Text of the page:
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Nanox Introduces Digital X-ray Technology

Nanox

Nano-X Imaging Ltd. (“Nanox” or the “Company”), a medical imaging technology company, introduces the first commercial-grade digital X-ray technology based on a proprietary silicon MEMs semiconductor technology. This technology is introduced after 15 years of “under the radar” Japanese and Israeli development and substantial investment to overcome one of the biggest barriers to modern medical imaging. This novel digital X-ray source may enable a significant reduction in the cost of medical imaging systems, with the goal of making medical imaging more accessible and available globally.

“It is a proud moment for my team and I. We have been working for years to produce a stable digital X-ray technology that we believe can literally be the basis of saving millions of lives”, said Ran Poliakine, Founder & CEO of Nanox, “our mission is to replace all legacy sources with our digital X-ray.”

X-rays were originally discovered by Wilhelm Röntgen in 1895 and the base technology remained fundamentally unchanged for the past 124 years. In legacy systems, X- rays are generated by heating up a filament to over 2,000° Celsius which creates an electron cloud (called a “Hot Cathode”) that when pulled towards a metal anode produces X-rays on impact. This is an analog way of X-ray generation involving continuous radiation.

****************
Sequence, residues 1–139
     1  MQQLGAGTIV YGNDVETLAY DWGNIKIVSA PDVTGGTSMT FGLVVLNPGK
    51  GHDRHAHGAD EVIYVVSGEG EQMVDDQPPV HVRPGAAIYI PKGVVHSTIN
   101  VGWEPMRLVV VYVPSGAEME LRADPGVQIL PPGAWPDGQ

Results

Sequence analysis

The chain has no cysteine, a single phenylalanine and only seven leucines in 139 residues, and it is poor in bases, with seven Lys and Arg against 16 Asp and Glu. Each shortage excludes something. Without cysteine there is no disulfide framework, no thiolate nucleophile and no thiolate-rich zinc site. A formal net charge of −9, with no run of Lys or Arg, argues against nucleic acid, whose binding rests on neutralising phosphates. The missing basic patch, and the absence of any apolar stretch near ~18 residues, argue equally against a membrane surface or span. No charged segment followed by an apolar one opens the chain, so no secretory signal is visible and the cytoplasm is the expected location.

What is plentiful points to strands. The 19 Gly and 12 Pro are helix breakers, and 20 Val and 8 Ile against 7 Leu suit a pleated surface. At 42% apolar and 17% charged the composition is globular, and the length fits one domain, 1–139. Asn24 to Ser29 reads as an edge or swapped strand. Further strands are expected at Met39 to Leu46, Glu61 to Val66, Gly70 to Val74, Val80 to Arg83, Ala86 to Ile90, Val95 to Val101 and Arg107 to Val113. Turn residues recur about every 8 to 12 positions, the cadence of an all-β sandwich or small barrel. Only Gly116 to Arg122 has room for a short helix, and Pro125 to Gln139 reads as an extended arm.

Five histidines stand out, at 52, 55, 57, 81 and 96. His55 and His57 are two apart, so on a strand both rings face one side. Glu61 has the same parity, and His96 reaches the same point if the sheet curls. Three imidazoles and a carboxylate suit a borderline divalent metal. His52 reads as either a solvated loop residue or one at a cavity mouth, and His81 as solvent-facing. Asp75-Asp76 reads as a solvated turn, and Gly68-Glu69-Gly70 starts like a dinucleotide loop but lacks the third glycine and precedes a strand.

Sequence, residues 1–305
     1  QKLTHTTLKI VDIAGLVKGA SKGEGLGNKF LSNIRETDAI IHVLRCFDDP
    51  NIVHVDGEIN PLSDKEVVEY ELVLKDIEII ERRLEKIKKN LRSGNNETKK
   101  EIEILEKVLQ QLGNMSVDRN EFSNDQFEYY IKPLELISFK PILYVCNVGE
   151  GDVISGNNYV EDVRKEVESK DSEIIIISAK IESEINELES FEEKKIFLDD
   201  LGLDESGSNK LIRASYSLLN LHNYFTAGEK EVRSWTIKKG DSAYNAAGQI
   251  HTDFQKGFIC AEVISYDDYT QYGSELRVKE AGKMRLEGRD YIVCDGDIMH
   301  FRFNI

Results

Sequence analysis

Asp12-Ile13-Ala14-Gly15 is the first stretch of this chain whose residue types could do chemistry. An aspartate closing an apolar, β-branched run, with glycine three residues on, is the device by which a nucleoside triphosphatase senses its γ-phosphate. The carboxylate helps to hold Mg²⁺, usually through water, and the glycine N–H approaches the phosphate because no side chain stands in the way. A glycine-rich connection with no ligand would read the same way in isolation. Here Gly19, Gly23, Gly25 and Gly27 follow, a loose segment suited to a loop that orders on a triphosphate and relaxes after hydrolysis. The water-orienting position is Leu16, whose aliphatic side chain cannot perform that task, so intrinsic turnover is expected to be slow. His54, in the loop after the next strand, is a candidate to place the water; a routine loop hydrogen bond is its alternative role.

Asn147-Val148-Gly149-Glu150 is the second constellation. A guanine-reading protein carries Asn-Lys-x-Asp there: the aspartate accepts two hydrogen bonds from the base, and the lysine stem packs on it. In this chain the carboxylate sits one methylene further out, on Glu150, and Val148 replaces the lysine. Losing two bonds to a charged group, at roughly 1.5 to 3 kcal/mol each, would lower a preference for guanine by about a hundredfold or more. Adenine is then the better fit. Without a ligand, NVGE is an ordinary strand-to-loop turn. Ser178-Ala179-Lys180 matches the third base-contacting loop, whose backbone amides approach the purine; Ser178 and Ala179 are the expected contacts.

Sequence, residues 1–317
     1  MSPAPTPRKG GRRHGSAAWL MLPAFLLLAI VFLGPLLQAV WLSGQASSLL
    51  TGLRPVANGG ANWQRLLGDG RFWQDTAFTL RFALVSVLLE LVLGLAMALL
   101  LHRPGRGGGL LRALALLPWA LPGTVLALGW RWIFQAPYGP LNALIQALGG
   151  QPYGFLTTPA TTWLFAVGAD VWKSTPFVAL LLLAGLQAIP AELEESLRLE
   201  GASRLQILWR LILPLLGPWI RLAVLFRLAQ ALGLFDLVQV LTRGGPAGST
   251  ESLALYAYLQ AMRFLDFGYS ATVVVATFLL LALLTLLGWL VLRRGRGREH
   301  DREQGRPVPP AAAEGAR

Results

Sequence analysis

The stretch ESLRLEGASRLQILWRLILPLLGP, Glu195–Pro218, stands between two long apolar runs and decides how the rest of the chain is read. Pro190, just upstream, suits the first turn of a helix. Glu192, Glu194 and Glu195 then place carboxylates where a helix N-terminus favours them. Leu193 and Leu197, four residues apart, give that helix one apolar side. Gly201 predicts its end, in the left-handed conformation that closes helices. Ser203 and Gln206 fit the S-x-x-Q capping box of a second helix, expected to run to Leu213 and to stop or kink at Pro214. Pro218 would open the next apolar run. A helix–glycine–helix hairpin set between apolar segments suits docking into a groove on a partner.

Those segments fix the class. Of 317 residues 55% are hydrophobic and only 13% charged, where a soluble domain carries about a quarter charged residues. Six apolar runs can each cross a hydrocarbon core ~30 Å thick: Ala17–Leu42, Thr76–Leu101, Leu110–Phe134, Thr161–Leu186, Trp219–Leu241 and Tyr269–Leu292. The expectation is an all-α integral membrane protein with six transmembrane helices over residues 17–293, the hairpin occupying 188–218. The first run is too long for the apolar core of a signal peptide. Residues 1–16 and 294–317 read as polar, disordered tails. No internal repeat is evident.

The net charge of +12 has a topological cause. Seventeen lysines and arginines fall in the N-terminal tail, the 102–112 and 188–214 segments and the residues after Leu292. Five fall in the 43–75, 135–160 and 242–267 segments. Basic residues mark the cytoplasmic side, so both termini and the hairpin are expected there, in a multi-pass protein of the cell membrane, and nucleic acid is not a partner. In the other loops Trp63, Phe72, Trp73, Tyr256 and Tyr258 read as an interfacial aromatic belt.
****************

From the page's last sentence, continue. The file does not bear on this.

Led by the Israeli entrepreneur Ran Poliakine, the international teams of Israeli and Japanese engineers have achieved the digital generation of electrons without the use of heat (called a “Cold Cathode”). Nanox has built a novel “Electron Gun” based on a field emission array of a 100 million molybdenum Nano-cones (instead of the one metal filament used in legacy sources) enabling a controlled and steady generation of electrons using low voltage to achieve the same effect as the legacy X-ray source.

We believe that the Nanox digital X-ray source represents a similar analog-to-digital technology jump as the transition achieved by the lighting industry moving from a heated filament-based lightbulb designed by Edison to the modern LED.

The Company achieved operating stability of its novel X-ray source four years ago and is now moving toward commercialization of its novel X-ray source.

“There were many attempts to create a digital, Cold Cathode X-ray source over the past few decades with little to no success.” Said Hitoshi Masuya, CEO of Nanox Japan, “while some companies have made achievements using carbon nano tubes as a basis for field emission X-ray with similar approach to the one used by Nanox, to the best of our knowledge no company have achieved a commercially stable source that can be embedded inside a medical imaging system and operate with an acceptable lifespan. We are proud at our achievement and look forward to beginning to revolutionizing medical imaging in the world.”